“It’s my life and I’ll do what I want.”
This has been the cry of the vast majority of adolescents for decades as they have tried to figure out who they are and what they’re about.
Parent’s responses have ranged from
“Over my dead body”,
“Good luck kid”
and everything in between as we’ve tried to guide our children to responsible adulthood. Piercings, hair-dye, shaved heads, noisy music, and a range of other attempts at self expression drive us mad! From around the age of 14 our adolescents usually begin a challenging process of constructing an identity – that is, working out who they are and what they stand for. And while it’s terribly trying for us, as their parents, it’s perhaps even more difficult for our kids.
What to do when self-expression gets non-conformist
Self-expression and identity exploration usually get non-conformist in one of two ways.
First, our teens, who were once well-adjusted, thriving kids:
- descend into uninterested students,
- isolate themselves with their phone or with friends,
- get involved with bullying,
- start early sexual experimentation,
- and begin doing illegal things (e.g., drugs or stealing).
These types of behaviour, especially if combined, require intervention. You may have some success talking with your child and the school. But often additional help may be needed.
The second way that self-expression can get non-comformist is that our teens will “try on” an identity that we feel terribly uncomfortable with. It might be Goth black, or death-metal punk. It may be the misogynistic, crudely-laced rap/hip-hop music. Or it might be crazy hair and piercings.
Should I step in, or step back?
As our teens develop their identity, it can be hard to know whether to intervene, or give them space. Your family values and circumstances will dictate whether intervention is necessary. But remember, saying “no” to a teen who is asking “Who am I” can provoke strong resistance.
A fairly general rule is to intervene fast if your child is struggling with the first issue (school disengagement, bullying, drugs, theft, early sexual experimentation).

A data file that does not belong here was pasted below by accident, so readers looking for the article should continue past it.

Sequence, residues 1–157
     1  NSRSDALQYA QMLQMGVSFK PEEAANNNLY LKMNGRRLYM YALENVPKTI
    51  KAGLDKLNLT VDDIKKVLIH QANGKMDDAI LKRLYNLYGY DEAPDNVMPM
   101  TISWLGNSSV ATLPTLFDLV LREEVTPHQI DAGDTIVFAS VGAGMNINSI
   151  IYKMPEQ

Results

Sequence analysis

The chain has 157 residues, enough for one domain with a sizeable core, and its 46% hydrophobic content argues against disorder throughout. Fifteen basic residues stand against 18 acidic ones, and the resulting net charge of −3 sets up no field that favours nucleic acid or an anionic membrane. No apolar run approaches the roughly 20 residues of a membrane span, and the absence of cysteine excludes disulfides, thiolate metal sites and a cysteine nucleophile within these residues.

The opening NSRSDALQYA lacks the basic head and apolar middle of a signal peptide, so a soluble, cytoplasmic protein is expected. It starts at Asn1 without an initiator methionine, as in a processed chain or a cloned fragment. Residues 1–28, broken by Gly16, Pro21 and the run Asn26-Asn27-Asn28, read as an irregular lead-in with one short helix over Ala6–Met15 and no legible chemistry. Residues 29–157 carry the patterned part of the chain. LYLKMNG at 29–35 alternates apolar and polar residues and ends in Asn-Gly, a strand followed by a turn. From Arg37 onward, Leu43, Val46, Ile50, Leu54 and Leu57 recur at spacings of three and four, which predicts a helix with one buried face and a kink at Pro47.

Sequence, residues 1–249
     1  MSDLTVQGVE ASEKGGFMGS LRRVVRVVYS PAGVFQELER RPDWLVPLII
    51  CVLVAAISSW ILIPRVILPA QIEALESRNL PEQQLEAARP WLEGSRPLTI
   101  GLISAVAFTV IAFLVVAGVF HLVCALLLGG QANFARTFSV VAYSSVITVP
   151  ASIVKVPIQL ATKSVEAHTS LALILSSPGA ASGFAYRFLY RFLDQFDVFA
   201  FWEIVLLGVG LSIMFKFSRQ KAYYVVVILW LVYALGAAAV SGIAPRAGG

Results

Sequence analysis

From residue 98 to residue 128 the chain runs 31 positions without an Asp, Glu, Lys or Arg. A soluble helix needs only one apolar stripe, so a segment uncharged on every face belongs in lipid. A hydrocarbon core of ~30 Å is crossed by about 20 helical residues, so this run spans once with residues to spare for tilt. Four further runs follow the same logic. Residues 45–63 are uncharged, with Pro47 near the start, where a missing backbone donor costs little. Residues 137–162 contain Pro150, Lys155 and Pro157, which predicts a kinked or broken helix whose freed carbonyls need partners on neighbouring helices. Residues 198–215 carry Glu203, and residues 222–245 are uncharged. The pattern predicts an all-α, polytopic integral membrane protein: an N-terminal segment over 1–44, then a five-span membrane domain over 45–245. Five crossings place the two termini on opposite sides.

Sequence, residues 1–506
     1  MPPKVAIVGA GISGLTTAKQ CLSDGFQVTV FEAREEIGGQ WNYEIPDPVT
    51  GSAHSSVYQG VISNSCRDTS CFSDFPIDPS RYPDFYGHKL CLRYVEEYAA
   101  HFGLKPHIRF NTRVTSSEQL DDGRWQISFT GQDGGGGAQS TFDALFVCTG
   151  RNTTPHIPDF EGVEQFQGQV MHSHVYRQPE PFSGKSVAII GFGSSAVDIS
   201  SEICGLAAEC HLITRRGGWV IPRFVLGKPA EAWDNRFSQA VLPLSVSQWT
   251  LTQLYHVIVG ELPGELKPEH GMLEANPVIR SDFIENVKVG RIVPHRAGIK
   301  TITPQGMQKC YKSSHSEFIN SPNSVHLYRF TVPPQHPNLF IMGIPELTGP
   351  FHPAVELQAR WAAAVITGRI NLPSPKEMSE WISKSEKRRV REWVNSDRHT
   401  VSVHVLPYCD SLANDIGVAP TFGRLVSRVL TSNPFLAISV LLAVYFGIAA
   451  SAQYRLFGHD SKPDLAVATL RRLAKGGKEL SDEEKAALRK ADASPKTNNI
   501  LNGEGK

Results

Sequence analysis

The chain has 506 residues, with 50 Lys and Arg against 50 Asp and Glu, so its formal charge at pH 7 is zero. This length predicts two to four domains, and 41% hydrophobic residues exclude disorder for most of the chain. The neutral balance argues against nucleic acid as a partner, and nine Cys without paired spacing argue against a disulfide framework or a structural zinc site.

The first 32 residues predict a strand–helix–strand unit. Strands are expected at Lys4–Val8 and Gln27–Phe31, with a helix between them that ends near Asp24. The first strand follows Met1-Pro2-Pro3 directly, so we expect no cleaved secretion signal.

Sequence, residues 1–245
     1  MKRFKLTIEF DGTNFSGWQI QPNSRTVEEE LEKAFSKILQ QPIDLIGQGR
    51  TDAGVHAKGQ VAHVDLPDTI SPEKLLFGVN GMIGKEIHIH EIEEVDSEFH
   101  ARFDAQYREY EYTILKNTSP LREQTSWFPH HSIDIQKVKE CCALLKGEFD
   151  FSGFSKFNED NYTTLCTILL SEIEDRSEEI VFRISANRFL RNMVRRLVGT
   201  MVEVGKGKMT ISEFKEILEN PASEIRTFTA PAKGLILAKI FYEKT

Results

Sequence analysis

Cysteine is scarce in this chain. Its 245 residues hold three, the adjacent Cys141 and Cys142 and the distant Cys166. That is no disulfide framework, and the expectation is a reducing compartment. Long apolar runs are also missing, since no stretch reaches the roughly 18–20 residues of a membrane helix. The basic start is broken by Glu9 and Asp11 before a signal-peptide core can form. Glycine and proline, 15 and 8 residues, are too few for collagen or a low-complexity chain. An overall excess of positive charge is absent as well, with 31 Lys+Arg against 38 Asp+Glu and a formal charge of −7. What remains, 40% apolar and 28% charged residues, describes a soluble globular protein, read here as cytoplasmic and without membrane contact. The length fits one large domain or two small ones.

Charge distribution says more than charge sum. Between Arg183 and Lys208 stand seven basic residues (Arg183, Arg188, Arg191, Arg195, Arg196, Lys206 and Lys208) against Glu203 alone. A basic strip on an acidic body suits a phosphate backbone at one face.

If your child is getting ugly hair and listening to ugly music, you might find that what works best is to set some basic limits (to protect younger siblings, for example), and give them some space.
But remember, there are some laws in Australia regarding how expressive our teens are allowed to be.
Crazy Hair, Piercings, and Tattoos
There are, unfortunately, no laws dictating what teens can do to their hair. Some hairstyles may look like crimes against humanity. You’ll cringe, the grandparents will gasp, but the hair will grow back. And if you don’t make too big a deal about things, the kids will grow out of it.
(Of course, stating an expectation is a perfectly necessary and responsible thing for a parent to do, and you should – but then let it go. Stating it every time you look at your child will only make your child feel hated, and she’ll loathe you in return.)
Piercings: Each state has a variation on this basic law: No one under 16 years may have piercings without parental permission. This includes everything from ears to tongues, noses, eyebrows, and other non-intimate areas. (Ear stretchings are illegal prior to 18.)
If a teenager wants a piercing in an intimate area, they’ll have to wait until they’re 18 years old. Nipples and genitalia are off limits, even with parental permission.
Tattoos are illegal without parental permission prior to age 18. Parents can permit their adolescents to be tattooed if under 18, but there are some laws that dictate what is and is not allowed. The same goes for scarification, branding, and beading.
So how do I encourage self-expression in less permanent ways?
Without question, your relationship with your teen will be the biggest protective factor in their identity development and their ongoing wellbeing. Keep your relationship positive, regardless of how hard that may be.
Stay calm and model mature behaviour
Remember that teenagers love to argue. It’s how they sharpen their developing cognitive skills (and build their identity – based on opposition to what you think).
Let your teen think through why having purple hair is ok, or why multiple piercings should be allowed without permission from parents, or how legalising heroin injecting rooms is a good idea, or why hooking up is totally cool. Often your teen will give you an answer he doesn’t agree with to save face, but in so doing, he’ll talk himself out of his crazy ideas.
State your standards clearly
Make sure your adolescents know what your expectations are.
Always remember that there’s a real person that you love irrationally and completely inside that teenager
Our teens are relying on us to love them at their most unlovable.
Most teens will do some stuff that drives us crazy. It might be dumb. It may make us gulp. There’s no question that we’d rather they not do that! But for the most part, it’s inevitable.
Identity development can be messy business. It’s irritating, often unattractive, and provocative. But it’s a necessary step in our children’s development – and it only lasts a short while. And ultimately, it is our relationship that offers protection, acceptance, and love, that will be the foundation that they return to, and ultimately build their identity on.structure.)
NSW law regarding piercings and tattoos: http://www.lawstuff.org.au/nsw_law/topics/tattoos-and-piercing